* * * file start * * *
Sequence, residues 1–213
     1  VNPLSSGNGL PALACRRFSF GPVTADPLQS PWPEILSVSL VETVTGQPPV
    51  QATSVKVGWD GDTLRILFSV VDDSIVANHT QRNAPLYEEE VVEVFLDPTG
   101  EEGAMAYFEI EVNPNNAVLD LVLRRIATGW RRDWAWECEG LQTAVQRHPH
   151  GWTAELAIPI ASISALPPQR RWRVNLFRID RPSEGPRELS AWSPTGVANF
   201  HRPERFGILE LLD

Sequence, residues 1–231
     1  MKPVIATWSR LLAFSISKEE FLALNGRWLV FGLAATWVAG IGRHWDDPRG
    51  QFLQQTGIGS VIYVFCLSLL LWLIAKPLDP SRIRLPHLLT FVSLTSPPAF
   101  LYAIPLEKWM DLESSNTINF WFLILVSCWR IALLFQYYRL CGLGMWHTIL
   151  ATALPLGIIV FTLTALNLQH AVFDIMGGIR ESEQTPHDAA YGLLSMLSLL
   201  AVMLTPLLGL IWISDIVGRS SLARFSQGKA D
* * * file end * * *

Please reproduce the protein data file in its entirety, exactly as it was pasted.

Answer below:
Sequence, residues 1–213
     1  VNPLSSGNGL PALACRRFSF GPVTADPLQS PWPEILSVSL VETVTGQPPV
    51  QATSVKVGWD GDTLRILFSV VDDSIVANHT QRNAPLYEEE VVEVFLDPTG
   101  EEGAMAYFEI EVNPNNAVLD LVLRRIATGW RRDWAWECEG LQTAVQRHPH
   151  GWTAELAIPI ASISALPPQR RWRVNLFRID RPSEGPRELS AWSPTGVANF
   201  HRPERFGILE LLD

Sequence, residues 1–231
     1  MKPVIATWSR LLAFSISKEE FLALNGRWLV FGLAATWVAG IGRHWDDPRG
    51  QFLQQTGIGS VIYVFCLSLL LWLIAKPLDP SRIRLPHLLT FVSLTSPPAF
   101  LYAIPLEKWM DLESSNTINF WFLILVSCWR IALLFQYYRL CGLGMWHTIL
   151  ATALPLGIIV FTLTALNLQH AVFDIMGGIR ESEQTPHDAA YGLLSMLSLL
   201  AVMLTPLLGL IWISDIVGRS SLARFSQGKA D